This information was published in 1966 in An Encyclopaedia of New Zealand, edited by A. H. McLintock. It has not been corrected and will not be updated.
Up-to-date information can be found elsewhere in Te Ara.
CLENDON, James Reddy
United States Consul and early settler.
A new biography of Clendon, James Reddy appears in the Dictionary of New Zealand Biography on this site.
James Clendon was born at Deal, Kent. He became a London merchant and shipowner in association with his brother, John Chitty Clendon, and began trading to New Zealand about 1828. In 1830 he visited the Bay of Islands in the City of Edinburgh, bought land from Pomare at Okiato, a few miles south of Kororareka, and settled there in 1832 in partnership with Samuel Stephenson. His business prospered, and his friendship with Pomare, Nene, and other chiefs made him one of the most influential Europeans in northern New Zealand.
Captain Clendon exercised more power in the lawless thirties than did the Resident, James Busby, for he was actively in touch with the Maoris and the European traders and settlers of Kororareka, whereas Busby was cut off at Waitangi and too preoccupied with writing letters. When the Residency was attacked (April 1834), Clendon sponsored a petition from the settlers asking for military protection, but this was not afforded. He fell out with Busby in 1835 when he, Thomas McDonnell, and others tried to prohibit the sale of spirits which were causing havoc in Maori society. When Baron de Thierry claimed New Zealand as his kingdom, Clendon supported Busby's efforts to form a confederation of Maori chiefs, and witnessed the Maori Declaration of Independence (28 October 1835). During the tribal wars at the Bay of Islands in 1837, his intervention along with that of the Rev. Henry Williams saved the lives of many European settlers, and eventually brought about peace. The Bay had become the regular resort of American as well as British and French whalers and traders, and in 1839 Clendon was appointed American Consul, holding office till April 1841. This did not prevent him from rendering the fullest assistance to Captain Hobson in negotiating for the recognition of British sovereignty, and he was one of the witnesses to the Treaty of Waitangi (6 February 1840).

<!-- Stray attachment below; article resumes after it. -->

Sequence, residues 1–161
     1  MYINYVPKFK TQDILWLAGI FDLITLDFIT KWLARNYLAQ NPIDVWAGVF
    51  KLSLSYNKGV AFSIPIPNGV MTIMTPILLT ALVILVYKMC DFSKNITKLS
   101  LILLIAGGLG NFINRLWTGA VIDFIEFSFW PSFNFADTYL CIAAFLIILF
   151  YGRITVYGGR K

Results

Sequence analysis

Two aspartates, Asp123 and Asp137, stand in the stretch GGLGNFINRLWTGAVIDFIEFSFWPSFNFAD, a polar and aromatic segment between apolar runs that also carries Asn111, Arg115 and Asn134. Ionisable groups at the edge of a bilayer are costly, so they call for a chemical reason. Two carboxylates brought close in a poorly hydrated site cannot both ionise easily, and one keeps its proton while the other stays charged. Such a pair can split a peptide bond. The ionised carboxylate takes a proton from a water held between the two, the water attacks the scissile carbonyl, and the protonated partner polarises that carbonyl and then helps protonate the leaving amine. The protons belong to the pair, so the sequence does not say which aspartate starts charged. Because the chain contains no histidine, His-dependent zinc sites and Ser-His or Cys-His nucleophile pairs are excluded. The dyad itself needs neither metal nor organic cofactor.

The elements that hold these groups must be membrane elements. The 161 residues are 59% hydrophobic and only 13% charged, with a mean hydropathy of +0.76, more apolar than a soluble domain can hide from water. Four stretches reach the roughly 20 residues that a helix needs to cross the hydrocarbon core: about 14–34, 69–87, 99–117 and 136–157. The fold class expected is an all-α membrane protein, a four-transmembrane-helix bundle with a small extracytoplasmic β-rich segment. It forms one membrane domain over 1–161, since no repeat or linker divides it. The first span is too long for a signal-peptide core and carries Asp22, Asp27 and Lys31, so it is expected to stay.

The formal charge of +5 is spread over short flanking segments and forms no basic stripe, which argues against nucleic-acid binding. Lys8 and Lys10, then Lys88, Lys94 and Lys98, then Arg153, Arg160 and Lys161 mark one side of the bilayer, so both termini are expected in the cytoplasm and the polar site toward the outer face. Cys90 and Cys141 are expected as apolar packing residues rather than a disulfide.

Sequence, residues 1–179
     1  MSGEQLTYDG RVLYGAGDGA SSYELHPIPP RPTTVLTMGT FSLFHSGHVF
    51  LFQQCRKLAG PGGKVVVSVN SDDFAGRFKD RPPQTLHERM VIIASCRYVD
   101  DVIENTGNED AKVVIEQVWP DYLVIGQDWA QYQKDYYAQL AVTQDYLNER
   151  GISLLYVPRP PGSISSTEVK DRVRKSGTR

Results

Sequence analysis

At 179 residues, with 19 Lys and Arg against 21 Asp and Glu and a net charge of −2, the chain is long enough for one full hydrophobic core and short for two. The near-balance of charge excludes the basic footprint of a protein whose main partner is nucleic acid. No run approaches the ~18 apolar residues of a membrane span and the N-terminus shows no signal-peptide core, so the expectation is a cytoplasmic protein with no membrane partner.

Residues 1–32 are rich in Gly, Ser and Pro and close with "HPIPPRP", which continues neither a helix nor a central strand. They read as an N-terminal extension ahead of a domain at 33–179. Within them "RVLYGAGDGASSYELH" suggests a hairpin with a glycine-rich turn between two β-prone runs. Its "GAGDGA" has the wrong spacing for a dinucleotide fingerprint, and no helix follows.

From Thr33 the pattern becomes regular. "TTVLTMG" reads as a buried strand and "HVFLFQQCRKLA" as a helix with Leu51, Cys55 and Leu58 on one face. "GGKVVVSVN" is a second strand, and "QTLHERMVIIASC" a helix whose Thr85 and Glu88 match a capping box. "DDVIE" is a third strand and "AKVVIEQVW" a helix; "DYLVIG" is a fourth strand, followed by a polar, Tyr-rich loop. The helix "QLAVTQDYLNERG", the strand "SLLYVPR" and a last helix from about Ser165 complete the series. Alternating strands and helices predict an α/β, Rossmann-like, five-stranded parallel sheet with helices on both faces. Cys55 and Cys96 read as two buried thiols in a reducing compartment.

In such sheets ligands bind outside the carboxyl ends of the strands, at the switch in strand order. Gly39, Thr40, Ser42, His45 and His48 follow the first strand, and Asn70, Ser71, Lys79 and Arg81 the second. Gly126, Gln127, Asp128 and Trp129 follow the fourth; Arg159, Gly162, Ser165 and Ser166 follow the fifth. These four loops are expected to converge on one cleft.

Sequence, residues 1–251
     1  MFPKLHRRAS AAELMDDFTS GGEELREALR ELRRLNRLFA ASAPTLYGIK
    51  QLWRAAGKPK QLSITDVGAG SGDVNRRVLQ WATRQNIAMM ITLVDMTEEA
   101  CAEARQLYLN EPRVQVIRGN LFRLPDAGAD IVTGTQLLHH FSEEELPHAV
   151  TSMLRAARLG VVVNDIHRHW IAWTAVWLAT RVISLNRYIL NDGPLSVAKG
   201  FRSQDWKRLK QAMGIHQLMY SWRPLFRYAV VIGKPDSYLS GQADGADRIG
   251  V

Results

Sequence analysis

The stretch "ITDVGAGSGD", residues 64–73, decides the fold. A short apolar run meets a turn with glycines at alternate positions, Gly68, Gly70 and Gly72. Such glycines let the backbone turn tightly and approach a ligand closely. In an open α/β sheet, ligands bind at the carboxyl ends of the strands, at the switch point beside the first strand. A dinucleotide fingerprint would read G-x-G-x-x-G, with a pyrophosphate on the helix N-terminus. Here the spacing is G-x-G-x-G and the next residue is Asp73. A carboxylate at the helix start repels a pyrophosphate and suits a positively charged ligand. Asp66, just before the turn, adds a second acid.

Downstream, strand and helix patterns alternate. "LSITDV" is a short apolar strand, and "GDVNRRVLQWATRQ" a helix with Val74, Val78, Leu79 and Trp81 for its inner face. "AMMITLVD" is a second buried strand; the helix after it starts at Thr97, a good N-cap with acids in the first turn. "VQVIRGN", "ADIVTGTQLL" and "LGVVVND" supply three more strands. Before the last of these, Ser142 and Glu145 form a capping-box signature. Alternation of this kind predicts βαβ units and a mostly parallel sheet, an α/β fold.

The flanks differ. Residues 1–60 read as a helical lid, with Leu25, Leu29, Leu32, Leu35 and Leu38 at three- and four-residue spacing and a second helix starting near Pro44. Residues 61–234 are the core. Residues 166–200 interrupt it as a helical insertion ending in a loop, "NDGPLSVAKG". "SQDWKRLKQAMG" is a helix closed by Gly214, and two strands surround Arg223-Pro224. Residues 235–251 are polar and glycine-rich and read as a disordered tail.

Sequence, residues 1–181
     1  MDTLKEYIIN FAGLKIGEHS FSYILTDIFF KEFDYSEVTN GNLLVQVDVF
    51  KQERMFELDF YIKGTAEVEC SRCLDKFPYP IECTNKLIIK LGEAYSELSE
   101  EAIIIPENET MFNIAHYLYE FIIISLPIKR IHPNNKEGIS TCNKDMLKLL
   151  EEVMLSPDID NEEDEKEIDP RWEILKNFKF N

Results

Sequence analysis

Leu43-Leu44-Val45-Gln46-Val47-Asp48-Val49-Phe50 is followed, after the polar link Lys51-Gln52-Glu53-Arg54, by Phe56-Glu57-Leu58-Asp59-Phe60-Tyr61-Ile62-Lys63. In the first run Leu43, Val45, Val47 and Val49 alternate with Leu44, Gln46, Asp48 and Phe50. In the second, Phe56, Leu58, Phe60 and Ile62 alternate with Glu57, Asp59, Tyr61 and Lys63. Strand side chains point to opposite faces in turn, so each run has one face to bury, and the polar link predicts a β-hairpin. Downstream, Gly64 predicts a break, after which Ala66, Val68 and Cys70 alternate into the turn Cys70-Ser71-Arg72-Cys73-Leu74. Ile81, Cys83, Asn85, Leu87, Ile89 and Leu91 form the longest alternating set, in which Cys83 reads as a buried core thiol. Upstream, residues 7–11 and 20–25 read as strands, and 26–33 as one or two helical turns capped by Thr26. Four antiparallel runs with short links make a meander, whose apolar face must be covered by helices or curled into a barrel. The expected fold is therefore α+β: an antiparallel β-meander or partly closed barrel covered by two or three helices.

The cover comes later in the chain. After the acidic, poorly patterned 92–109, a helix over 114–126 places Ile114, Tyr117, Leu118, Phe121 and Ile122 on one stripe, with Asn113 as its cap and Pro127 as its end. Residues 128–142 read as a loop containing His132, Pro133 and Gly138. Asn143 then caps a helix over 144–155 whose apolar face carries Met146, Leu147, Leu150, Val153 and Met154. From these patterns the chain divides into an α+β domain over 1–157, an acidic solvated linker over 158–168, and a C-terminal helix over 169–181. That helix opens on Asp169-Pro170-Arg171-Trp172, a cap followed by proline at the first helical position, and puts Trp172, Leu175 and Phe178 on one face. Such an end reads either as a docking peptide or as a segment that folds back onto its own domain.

In March 1840 it was decided to form a temporary capital at the Bay of Islands, and Felton Mathew, the Surveyor-General, selected Clendon's property as the most suitable site. Clendon demanded £23,000 for it, but eventually agreed to sell for £15,000. The property comprised 380 acres, a dwelling house, a large store, two small cottages, and sundry other buildings. £15,000 was not dear compared with the speculative prices then prevailing, but Governor Gipps repudiated the deal, and Clendon received only £2,250 in cash and 10,000 acres of compensation land at Papakura, nominally worth 1s. 6d. an acre but unsalable in the depressed market of 1845. He complained that he was very much the loser, forgetting that Okiato too was almost valueless by then.
In 1840 he was made a Justice of the Peace and became an ex officio member of New Zealand's first Legislative Council (1840–44). He served as police magistrate at the Bay of Islands during Hone Heke's rebellion, and his reports throw much light on the conduct of the war and the condition of the Maoris. One of his letters in the National Archives, Wellington, still contains samples of home-made Maori gunpowder, reminiscent of Governor Grey's prohibition of the sale of arms and ammunition. He later held various other offices – subtreasurer, registrar, police inspector, and customs collector at the Bay of Islands and at Rawene, where he resided after 1861. He continued in business till the end of his life, but latterly his affairs became involved through extending too much credit to his customers. He died at Rawene on 26 October 1872.
by James Rutherford, M.A.(DURHAM), PH.D.(MICH.) (1906–63), Historian, Auckland.
- Clendon MSS, Auckland Public Library
- C.O. 209 Series, Public Records Office, London (National Archives, Wellington).